Trojan horses, worms, malware, and e-mail viruses cost U.S. businesses billions of dollars each year. Computer viruses have infected millions of computers and caused billions of dollars in damages. Cyber insurance policies typically provide coverage for the cost to replace or restore electronic data or computer programs damaged or destroyed by a virus, malicious code, or denial-of-service attack and usually include coverage for the cost of data entry, reprogramming, and computer consultation services.
The Risk of an Extortion Threat
Cyber extortion threats have become more prevalent. Computer programs called “ransomware,” which can release a virus onto a computer system if a ransom is not paid, are replacing telephone threats. It’s estimated that more than two-thirds of organizations hit by a serious computer attack never report it and that thousands of these companies may be paying ransom demands.
The extortion coverage offered in many cyber insurance policies is similar to that provided in traditional kidnap and ransom insurance programs. Cyber insurance policies generally cover an insured’s computer system against threats to introduce a virus, malicious code, or denial-of-service attack; divulge the firm’s proprietary information contained in the system or a weakness in the source code within the firm’s computer system; and inflict ransomware or publish the confidential personal information of its clients.
The Risk of a Business Income Loss
A firm that ceases website business activities because of a virus attack or extortion threat — even for a short period of time — can sustain substantial loss of business income. This can be catastrophic, especially for those firms that generate a large percentage of their annual sales during a short seasonal period of time. In cyber insurance policies, the amount of covered loss is typically based on lost revenue from cyber activities and is often offset by revenue generated from other means of communication, such as telephone sales.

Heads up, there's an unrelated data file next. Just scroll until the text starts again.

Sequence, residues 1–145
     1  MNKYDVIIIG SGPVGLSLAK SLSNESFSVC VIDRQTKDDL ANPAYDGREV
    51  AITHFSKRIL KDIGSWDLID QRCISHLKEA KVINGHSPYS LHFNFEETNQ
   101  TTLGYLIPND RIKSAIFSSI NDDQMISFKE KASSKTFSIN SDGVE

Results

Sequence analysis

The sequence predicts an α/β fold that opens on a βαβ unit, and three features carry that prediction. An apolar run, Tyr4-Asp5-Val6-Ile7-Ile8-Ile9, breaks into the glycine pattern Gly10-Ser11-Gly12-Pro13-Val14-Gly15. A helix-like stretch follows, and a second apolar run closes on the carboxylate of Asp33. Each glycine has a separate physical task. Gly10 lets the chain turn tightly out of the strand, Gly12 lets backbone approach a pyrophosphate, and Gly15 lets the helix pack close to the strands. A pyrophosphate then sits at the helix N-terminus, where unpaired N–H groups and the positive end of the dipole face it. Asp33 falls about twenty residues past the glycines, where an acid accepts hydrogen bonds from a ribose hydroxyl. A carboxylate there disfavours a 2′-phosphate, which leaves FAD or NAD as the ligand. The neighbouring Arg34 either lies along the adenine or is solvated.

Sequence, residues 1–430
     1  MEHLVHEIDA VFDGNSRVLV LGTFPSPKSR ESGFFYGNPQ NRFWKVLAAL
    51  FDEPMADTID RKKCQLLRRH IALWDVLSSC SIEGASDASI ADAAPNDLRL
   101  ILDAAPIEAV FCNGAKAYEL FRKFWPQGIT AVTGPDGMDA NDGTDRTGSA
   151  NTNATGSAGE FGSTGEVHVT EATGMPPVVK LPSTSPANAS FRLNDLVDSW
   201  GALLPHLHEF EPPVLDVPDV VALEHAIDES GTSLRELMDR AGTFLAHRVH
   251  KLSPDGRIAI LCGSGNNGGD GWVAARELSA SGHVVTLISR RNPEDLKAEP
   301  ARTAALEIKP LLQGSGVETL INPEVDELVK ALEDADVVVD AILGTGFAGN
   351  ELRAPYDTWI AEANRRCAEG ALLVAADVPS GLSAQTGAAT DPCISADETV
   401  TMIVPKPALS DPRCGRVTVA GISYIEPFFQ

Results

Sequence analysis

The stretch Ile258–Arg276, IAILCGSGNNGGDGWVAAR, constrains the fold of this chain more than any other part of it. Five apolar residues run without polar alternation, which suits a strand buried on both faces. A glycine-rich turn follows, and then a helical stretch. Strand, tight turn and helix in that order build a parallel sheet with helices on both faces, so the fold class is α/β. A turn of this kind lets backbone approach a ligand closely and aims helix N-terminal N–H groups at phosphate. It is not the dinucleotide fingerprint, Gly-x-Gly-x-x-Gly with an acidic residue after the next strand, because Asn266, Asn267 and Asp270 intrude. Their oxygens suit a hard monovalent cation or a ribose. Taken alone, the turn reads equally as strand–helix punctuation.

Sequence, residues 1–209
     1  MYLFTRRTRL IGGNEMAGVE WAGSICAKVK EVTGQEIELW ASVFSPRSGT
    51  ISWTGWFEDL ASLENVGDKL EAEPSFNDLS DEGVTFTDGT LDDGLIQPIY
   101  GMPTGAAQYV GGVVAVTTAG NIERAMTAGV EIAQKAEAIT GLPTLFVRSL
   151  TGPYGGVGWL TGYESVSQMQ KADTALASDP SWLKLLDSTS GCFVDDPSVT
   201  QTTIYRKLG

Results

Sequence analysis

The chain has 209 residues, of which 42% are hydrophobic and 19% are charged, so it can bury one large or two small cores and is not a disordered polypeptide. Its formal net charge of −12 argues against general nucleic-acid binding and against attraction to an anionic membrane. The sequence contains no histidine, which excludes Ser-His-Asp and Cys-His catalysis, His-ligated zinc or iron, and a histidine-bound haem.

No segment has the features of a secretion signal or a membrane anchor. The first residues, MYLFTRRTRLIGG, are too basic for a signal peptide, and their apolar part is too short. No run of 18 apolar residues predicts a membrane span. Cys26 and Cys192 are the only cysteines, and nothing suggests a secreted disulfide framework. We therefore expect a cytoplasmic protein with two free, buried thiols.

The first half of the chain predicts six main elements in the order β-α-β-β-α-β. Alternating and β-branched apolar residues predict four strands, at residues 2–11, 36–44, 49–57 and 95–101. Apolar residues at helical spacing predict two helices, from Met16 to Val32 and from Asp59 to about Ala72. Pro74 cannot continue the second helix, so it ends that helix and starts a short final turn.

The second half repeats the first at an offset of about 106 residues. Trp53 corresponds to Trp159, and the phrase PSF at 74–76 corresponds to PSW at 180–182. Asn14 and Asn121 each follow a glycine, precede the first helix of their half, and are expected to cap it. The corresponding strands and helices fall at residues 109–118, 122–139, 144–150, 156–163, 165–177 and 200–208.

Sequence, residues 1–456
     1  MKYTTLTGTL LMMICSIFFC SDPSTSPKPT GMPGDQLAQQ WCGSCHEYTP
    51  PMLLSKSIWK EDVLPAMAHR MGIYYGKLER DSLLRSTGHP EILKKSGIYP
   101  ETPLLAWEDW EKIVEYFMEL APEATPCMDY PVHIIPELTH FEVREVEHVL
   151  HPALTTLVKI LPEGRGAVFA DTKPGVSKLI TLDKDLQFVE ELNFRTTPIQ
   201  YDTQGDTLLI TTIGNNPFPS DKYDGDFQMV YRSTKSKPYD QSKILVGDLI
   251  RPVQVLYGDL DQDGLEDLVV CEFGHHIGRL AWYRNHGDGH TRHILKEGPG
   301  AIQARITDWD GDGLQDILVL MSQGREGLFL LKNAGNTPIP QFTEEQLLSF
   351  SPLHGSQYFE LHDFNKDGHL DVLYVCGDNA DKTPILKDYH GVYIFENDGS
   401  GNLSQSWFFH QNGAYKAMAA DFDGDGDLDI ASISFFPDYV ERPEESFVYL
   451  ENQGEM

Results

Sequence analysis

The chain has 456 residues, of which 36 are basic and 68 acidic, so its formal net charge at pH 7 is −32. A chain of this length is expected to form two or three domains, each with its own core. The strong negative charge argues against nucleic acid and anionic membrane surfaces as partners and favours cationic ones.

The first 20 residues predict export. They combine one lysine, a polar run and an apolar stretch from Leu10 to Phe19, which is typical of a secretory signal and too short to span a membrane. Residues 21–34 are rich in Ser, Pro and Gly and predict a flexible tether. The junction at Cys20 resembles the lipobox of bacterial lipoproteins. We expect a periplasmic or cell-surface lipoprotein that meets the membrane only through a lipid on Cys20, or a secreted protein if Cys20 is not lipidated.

Not If, but When
Specialty insurance markets have addressed cyber risk for several years, though those customers tend to be larger computer-centric firms. However, the coverage is becoming mainstream, especially for smaller firms.
In a recent speech, Richard A. Clarke, an adviser to U.S. presidents and author of Cyber War, stated there are really only two types of companies: those that have experienced a breach and know about it and those who have experienced a breach and just aren’t aware of it yet. It’s no longer a matter of if but when a company suffers a breach.
The growth potential for cyber insurance is significant. As technology continues to advance and becomes even more embedded in day-to-day business activities — and the capabilities of computer viruses and hackers become more complex, stealth-like, and frequent — businesses will be at greater risk. The need for cyber insurance coverage is evident. So ask yourself, How safe is your organization? Learn what can be done to safeguard your enterprise, and do it.
Shawn Dougherty is assistant vice president, Specialty Commercial Lines at ISO.